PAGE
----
Planned downtown tower to be sold to NY firm

The Gateway Plaza site was once was the Eighth Street Connector. (Photo by Michael Schwartz)

The Gateway Plaza site was once was the Eighth Street Connector. (Photo by Michael Schwartz)

Before it’s had a chance to get out of the ground, Richmond’s newest office tower has found a buyer.

New York-based Lexington Realty Trust has entered into an agreement to purchase the planned 18-story Gateway Plaza building at Eighth and Cary streets from developer Clayco upon the project’s completion in 2015.

The contract to purchase the building was finalized at the same time Lexington Realty Trust extended Chicago-based Clayco a loan for construction of the $124 million tower.

“Most of the proceeds will be used by Clayco to repay our construction loan, so the money goes in a circle for the most part,” said Dick Rouse, vice chairman of Lexington Realty Trust.

Rouse would disclose neither the amount of the original loan nor a sale price the REIT will pay.

Gateway Plaza rendering

The planned tower will be 18 stories. (Courtesy of Crews Communications)

Law firm McGuireWoods has signed on as the building’s lead tenant. It will take about 215,000 square feet. Lexington’s investment strategy centers on buildings with one dominant tenant signed on for a long-term lease, Rouse said.

“This is not truly a single-tenant building, but McGuireWoods will occupy about 80 percent of it probably,” he said. “The first thing that attracted us is we’ve got a 15-year lease with a great tenant for almost all the space.”

Presales were a common arrangement between developers and real estate investors such as pension funds back in the ’70s and ’80s, Clayco Principal Larry Chapman said. With the rise of real estate hungry REITs, these sorts of arrangements are favorable for both sides in certain circumstances, he said.

“There are a lot more REITs looking than there are opportunities. There’s not a lot available that’s ready to buy right now,” Chapman said. “By acquiring an asset they like, they’re able to invest their capital today and start to get the return right away.”

Striking such a deal early in the process allows developers to repay the loan and put that money toward its next project. It also cuts out some of the hassle of having to deal with a separate lender.

“It allowed us to deal with one less entity,” Chapman said.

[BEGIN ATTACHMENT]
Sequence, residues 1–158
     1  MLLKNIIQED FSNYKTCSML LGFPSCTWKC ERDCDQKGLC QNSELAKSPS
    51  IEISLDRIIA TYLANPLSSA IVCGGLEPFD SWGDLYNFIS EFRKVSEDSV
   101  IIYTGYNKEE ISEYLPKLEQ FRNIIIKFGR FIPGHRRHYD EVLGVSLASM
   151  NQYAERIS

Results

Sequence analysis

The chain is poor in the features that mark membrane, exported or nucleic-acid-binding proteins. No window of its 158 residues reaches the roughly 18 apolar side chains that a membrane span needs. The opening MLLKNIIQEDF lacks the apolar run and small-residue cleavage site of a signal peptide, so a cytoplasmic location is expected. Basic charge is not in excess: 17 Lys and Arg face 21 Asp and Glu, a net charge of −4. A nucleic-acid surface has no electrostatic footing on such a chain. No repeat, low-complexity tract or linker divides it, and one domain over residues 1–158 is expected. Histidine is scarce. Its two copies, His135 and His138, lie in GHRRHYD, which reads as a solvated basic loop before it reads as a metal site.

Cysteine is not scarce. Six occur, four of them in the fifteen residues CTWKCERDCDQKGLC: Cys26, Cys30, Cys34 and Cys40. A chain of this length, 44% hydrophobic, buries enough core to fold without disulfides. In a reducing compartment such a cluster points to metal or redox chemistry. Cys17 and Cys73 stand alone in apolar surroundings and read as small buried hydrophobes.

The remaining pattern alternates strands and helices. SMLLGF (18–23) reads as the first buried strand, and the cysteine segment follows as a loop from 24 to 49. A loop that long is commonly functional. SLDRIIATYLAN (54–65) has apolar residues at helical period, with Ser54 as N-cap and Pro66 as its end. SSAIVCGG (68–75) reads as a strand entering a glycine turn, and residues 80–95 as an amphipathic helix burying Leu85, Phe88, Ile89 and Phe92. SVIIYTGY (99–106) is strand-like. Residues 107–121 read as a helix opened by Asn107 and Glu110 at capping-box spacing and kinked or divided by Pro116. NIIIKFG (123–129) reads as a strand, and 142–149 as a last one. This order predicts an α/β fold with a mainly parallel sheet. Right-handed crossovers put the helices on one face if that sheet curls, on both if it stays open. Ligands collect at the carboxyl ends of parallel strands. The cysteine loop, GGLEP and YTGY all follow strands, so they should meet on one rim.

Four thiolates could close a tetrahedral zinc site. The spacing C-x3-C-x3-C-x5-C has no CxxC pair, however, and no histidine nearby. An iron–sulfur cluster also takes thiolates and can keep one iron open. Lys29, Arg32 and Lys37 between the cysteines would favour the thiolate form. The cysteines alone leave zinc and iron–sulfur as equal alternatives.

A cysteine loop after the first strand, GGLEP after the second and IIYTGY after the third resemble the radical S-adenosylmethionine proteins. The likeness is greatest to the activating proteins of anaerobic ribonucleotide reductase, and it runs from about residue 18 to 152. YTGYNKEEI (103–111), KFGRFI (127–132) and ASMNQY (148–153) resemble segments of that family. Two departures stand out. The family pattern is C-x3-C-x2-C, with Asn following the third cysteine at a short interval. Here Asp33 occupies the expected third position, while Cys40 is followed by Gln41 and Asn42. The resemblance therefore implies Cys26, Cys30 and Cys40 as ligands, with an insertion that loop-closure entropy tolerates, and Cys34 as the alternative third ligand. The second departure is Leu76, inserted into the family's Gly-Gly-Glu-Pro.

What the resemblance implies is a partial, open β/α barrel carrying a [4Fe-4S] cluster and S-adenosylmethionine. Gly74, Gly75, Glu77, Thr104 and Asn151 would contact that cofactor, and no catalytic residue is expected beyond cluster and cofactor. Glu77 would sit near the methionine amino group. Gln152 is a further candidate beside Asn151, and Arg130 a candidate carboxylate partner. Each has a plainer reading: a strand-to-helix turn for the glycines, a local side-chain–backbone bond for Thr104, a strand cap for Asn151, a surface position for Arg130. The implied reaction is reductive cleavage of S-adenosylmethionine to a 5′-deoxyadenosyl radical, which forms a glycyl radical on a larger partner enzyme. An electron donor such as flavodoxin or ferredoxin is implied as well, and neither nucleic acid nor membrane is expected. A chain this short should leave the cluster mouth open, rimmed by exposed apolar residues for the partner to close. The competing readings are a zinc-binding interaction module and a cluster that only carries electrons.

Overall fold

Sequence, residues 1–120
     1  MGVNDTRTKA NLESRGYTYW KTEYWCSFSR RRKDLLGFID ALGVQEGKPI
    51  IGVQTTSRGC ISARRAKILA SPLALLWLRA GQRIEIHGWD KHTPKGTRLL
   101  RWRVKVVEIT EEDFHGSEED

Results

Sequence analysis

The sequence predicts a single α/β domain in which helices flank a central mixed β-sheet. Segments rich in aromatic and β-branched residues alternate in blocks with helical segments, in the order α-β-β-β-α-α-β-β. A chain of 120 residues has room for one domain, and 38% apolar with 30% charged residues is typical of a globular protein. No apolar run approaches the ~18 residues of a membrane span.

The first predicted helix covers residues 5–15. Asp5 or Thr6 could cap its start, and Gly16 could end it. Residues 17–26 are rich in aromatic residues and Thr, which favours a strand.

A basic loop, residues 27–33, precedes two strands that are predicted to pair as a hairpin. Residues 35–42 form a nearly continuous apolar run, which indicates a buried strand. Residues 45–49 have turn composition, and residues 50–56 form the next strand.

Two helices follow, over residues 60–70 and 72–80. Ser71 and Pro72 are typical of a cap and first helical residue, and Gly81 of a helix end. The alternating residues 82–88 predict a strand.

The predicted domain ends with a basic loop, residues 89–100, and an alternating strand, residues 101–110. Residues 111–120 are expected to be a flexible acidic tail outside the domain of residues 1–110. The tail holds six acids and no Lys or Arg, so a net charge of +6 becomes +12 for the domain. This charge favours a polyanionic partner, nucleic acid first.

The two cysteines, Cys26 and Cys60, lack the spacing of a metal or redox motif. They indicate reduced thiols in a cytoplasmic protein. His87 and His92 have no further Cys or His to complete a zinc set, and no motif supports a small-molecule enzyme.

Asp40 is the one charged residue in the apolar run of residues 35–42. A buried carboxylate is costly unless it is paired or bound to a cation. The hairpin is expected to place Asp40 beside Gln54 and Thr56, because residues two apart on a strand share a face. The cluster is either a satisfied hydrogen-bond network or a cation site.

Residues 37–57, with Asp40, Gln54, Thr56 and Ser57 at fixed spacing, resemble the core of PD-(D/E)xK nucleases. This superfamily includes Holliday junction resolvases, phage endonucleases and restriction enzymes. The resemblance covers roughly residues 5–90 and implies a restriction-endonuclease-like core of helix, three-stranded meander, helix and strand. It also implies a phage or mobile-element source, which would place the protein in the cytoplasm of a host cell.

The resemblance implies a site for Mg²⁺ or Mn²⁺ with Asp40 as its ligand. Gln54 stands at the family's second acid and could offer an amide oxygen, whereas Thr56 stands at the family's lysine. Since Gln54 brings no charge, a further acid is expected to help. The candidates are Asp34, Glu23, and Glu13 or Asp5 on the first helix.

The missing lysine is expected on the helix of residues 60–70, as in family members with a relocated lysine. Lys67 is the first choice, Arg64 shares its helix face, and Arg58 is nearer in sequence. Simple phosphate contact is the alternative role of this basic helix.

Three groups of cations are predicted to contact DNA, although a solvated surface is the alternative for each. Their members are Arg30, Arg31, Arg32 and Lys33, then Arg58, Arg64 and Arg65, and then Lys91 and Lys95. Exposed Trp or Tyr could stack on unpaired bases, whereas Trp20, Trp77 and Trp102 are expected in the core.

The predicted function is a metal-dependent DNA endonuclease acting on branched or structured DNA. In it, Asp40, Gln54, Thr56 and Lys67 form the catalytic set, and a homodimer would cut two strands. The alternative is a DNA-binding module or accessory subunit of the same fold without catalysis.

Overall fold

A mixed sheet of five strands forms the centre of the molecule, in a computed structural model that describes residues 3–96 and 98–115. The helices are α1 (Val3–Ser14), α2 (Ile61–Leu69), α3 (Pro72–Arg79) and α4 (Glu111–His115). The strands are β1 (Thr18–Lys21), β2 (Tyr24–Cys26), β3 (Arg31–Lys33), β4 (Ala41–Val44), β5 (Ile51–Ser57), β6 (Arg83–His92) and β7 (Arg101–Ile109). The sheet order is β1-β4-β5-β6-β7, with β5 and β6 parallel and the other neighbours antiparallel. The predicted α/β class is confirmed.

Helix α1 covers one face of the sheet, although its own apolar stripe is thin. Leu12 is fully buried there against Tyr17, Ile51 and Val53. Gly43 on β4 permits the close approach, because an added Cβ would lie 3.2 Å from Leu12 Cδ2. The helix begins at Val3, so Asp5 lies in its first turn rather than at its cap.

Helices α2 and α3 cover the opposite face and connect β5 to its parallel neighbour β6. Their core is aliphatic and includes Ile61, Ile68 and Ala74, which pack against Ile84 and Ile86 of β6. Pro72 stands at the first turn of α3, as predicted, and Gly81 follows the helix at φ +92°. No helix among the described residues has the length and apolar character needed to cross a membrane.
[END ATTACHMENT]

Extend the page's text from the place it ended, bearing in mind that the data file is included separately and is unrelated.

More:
The presale deal does not affect Clayco’s arrangement for incentives from the city. Chapman said the city is aware of the deal with Lexington.

Although Chapman would not discuss the price that Lexington has agreed to pay, he said it’s determined by market cap rates – a ratio of how much income a building produces versus the price paid by the buyer – as well as the credit worthiness of the tenant and the amount of space preleased.

Plans for Gateway Plaza call for 307,000 square feet of office space among 18 stories. McGuireWoods will take up floors 10 through 17 and half of the seventh floor. The law firm will vacate its 244,000 square feet at One James Center. Gateway Plaza will also include 200,000 square feet of parking and 14,000 square feet of ground floor retail space.

The tower was initially slated for 275,000 square feet of office space and 15 stories. The plans got taller – and $14 million more expensive – before a ceremonial groundbreaking this month. Construction began at the site in August, the same day Clayco closed on a deal to purchase the land from Dominion Resources for $6.2 million.

The tower will add to Lexington Realty’s Richmond holdings. It owns the Alstom Power building in Midlothian and three East Shore office buildings in Glen Allen, which the firm is marketing for sale. Rouse said Lexington doesn’t have any particular focus on the Richmond market and is open to potential deals wherever they may pop up.

“If a developer calls us with a 15-year lease with great credit in Detroit, we go to Detroit,” Rouse said.

BizSense news editor Michael Schwartz contributed to this report.

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